5.         this.Name = name;  
  6.         this.Work = work;  
  7.     }  
  8.     public String getName() {  
  9.         return Name;  
  10.     }  
  11.     public void setName(String name) {  
  12.         Name = name;  
  13.     }  
  14.     public String getWork() {  
  15.         return Work;  
  16.     }  
  17.     public void setWork(String work) {  
  18.         Work = work;  
  19.     }  
  20. }  
Now, see MainActivity.java.
  1. import android.databinding.DataBindingUtil;    
  2. import android.os.Bundle;    
  3. import android.support.v7.app.AppCompatActivity;    
  4.     
  5. public class MainActivity extends AppCompatActivity {  
  6.     @Override  
  7.     protected void onCreate(Bundle savedInstanceState) {  
  8.         super.onCreate(savedInstanceState);  
  9.         //        Before Data Binding    
  10.         /*  setContentView(R.layout.activity_main);  
  11.   
  12.         TextView textViewName = (TextView) findViewById(R.id.text_view_name);  
  13.         TextView textViewWork = (TextView) findViewById(R.id.text_view_work);  
  14.   
  15.         textViewName.setText("Gaurav Kumar");  
  16.         textViewWork.setText("Android app developer");  */  
  17.         //        After Data Binding    
  18.         ActivityMainBinding binding = DataBindingUtil.setContentView(this, R.layout.activity_main);  
  19.         DataModel dataModel = new DataModel("Gaurav kumar""Android app developer");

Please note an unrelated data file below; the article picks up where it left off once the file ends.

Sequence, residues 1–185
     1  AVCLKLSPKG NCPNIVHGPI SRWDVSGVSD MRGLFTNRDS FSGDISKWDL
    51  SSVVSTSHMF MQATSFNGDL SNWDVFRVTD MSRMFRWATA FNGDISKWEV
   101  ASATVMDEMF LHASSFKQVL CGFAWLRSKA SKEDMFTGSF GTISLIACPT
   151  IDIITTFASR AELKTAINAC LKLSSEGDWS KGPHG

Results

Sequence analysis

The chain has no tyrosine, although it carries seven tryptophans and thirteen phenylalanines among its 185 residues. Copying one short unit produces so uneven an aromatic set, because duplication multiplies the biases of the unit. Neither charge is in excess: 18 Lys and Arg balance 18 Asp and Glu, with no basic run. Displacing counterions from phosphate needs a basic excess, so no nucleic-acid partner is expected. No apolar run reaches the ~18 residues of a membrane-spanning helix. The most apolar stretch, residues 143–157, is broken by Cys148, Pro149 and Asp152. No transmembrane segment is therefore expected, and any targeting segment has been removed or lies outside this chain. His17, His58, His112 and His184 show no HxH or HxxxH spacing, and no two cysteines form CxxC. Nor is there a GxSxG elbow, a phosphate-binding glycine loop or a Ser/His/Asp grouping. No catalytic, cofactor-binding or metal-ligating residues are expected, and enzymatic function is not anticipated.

20.         binding.setDataModel(dataModel);  
  21.     }  
  22. }  
Clearly, we can see that here the commented code is before data binding, and after data binding you can see the difference. Don't forget to import "import <yourpackage>databinding.ActivityMainBinding " and most importantly, enable binding in gradle -- see code below. 
  1. apply plugin: 'com.android.application'  
  2. android {  
  3.     compileSdkVersion 28  
  4.     defaultConfig {  
  5.         applicationId "yourdomain.databindingproject"  
  6.         minSdkVersion 21  
  7.         targetSdkVersion 28  
  8.         versionCode 1  
  9.         versionName "1.0"  
  10.         testInstrumentationRunner "android.support.test.runner.AndroidJUnitRunner"  
  11.     }  
  12.     buildTypes {  
  13.         release {  
  14.             minifyEnabled false  
  15.             proguardFiles getDefaultProguardFile('proguard-android.txt'), 'proguard-rules.pro'  
  16.         }  
  17.     }  
  18.     dataBinding {  
  19.         enabled = true  
  20.     }  
  21. }  
  22. dependencies {  
  23.     implementation fileTree(dir: 'libs', include: ['*.jar'])  
  24.     implementation 'com.android.support:appcompat-v7:28.0.0'  
  25.     implementation 'com.android.support.constraint:constraint-layout:1.1.3'  
  26.     testImplementation 'junit:junit:4.12'  
  27.     androidTestImplementation 'com.android.support.test:runner:1.0.2'  
  28.     androidTestImplementation 'com.android.support.test.espresso:espresso-core:3.0.2'  
  29. }  
Output

Jetpack Features In Android

Now see here, without programmatically setting the data to the text view, you can bind the data using this method. 

Conclusion


We can conclude that Jetpack is the most versatile collection of libraries. With the example of data binding library, we saw how powerful Jetpack is. The beauty of the data binding library is that it eliminates the use of various lines of View initialization, like findViewById() etc. Now, data binding takes care of it. Stay tuned for other features. We will be here with more library descriptions and other Jetpack features.